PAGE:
'Yiayia, however, had her faith and her certainties, and so I think the Queen has had hers throughout a very long life. Living in their separate cages, neither has shown a sign of rattling any bars.'


My background of course was completely different. It is highly likely that I would have had a received, prescribed life had my ancestors stayed in the British Isles. But poverty (in most cases) drove them to Australia, in search of copper and then gold. Once there, in a land of reversed seasons, wide spaces and long distances, they had to reinvent themselves, and I’ve no doubt it was hard work in all sorts of ways.

This tendency was maintained, predictably, through the succeeding generations. Women became more educated, embarked on careers, and managed to combine professional work with family life. Most importantly, they began to believe they could make choices and maintain some control over their lives: pioneering women had often been thrown on their own resources, after all, with no family network to support them.

Much is made of the level of repression experienced by Western women in the 1950s, but people who concerned themselves with this matter would have done well to visit Greek villages (among other places) at that time and later. Women were always chaperoned, and the minutiae of their lives, which always had to be observed, had to be seen to be believed. My relationship with Yiayia was thus edgy, although it settled down over time: she could not believe that I did not know all these little rules, while I no longer had the freedom I had been used to, learning rather painfully that a traditional village is not a comfortable place for someone with a pioneering background.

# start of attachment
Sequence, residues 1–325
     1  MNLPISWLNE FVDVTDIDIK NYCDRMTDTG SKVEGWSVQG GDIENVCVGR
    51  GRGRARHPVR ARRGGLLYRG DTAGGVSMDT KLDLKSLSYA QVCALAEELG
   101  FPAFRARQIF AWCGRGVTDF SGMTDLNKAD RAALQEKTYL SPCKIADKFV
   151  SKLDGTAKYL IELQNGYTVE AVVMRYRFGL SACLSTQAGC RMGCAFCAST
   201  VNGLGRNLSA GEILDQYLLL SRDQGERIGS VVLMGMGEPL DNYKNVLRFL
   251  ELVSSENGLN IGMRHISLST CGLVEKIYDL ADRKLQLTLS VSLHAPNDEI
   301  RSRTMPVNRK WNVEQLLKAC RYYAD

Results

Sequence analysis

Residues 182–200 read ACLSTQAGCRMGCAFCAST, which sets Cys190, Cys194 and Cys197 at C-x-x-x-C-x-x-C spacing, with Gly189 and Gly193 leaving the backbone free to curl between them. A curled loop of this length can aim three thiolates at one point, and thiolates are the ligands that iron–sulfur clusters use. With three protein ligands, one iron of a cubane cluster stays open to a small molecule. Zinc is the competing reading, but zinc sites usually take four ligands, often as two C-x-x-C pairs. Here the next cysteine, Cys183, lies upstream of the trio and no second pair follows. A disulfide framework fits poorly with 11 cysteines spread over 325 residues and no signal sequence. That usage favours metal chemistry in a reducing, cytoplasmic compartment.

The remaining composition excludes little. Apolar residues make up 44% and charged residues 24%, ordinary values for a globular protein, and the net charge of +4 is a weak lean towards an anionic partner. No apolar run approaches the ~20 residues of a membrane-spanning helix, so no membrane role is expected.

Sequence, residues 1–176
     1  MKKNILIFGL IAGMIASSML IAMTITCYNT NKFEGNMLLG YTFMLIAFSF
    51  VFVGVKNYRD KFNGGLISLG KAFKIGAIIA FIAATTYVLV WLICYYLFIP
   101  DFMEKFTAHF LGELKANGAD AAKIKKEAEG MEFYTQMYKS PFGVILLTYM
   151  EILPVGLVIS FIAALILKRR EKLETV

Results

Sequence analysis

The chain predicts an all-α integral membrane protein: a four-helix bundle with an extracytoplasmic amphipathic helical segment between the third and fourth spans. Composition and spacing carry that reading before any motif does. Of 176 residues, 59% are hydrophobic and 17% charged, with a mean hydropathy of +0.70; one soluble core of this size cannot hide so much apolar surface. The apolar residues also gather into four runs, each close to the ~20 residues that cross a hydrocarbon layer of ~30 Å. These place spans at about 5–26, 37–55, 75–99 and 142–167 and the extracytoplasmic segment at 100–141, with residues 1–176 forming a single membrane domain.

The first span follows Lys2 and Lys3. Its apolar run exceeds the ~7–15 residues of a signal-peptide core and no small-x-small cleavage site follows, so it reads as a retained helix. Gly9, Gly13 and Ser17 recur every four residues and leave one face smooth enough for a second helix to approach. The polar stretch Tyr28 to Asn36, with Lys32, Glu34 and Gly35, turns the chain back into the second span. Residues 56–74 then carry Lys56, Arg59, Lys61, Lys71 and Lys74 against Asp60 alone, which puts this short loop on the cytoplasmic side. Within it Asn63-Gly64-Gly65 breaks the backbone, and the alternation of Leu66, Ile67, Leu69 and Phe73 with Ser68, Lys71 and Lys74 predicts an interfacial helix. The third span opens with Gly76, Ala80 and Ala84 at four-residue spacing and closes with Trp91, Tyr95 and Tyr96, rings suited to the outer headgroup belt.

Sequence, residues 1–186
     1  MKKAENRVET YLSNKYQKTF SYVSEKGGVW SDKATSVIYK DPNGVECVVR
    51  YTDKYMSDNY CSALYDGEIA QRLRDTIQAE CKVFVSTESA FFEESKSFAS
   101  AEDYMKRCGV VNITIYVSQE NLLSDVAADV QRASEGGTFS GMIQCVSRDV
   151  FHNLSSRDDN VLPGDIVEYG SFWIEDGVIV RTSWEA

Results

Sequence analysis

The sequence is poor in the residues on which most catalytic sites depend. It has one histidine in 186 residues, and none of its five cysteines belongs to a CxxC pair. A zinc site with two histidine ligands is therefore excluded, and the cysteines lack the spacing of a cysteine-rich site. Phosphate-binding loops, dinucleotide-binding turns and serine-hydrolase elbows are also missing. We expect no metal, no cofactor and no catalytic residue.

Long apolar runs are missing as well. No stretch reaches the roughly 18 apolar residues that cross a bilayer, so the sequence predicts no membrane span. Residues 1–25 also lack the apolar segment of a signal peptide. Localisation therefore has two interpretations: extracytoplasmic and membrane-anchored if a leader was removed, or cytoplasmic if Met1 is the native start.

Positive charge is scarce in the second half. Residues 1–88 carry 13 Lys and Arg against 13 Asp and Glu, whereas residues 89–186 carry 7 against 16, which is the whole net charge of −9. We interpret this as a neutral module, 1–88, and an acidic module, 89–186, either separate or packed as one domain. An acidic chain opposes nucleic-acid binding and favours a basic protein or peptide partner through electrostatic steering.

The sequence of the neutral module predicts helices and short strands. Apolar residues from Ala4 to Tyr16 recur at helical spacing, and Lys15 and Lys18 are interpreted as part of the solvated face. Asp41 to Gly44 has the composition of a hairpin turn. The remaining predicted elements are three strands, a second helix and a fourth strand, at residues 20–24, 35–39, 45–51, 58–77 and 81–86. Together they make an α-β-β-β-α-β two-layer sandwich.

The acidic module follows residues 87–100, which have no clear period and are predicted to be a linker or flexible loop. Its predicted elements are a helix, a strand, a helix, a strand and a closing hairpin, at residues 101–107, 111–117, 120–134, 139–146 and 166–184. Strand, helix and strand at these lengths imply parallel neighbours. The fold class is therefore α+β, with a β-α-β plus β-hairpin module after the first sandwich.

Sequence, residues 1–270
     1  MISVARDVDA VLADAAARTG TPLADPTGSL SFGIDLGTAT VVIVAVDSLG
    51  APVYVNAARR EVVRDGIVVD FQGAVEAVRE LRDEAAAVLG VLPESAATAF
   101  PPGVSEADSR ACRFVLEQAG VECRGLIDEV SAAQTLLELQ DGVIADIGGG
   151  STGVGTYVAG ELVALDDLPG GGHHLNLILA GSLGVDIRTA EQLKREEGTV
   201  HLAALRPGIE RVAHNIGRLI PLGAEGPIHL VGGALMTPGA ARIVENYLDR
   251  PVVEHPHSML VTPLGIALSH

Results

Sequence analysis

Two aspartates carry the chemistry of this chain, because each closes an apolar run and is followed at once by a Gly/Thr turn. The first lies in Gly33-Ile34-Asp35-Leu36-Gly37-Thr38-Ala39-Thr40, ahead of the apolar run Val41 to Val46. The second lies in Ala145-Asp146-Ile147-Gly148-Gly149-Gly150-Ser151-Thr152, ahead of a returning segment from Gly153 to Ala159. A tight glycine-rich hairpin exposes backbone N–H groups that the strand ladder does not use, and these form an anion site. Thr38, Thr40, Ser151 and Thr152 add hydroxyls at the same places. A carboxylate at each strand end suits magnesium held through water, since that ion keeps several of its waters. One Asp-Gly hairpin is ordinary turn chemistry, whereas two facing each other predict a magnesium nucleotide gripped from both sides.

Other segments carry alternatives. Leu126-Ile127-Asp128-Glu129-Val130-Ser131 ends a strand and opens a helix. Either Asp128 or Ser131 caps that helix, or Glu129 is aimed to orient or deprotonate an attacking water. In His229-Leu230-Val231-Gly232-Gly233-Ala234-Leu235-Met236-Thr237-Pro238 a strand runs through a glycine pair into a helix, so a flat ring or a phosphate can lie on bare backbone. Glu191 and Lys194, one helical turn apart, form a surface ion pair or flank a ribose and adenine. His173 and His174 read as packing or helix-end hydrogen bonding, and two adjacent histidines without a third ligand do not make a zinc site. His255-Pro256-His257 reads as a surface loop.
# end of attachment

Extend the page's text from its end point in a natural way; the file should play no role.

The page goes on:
Yiayia, however, had her faith and her certainties, and so I think the Queen has had hers throughout a very long life. Living in their separate cages, neither has shown a sign of rattling any bars.

While I, and the Trooping of the Colour? There are those who think that ceremony uplifts and consoles, at least a little. It appears I am one of them.




Gillian Bouras is an expatriate Australian writer who has written several books, stories and articles, many of them dealing with her experiences as an Australian woman in Greece.

Main image: Queen Elizabeth II Platinum Jubilee Pageant. (Chris Jackson / Getty Images)

Topic tags: Gillian Bouras, Queen Elizabeth II, Platinum Jubilee, Trooping of the Colour



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Existing comments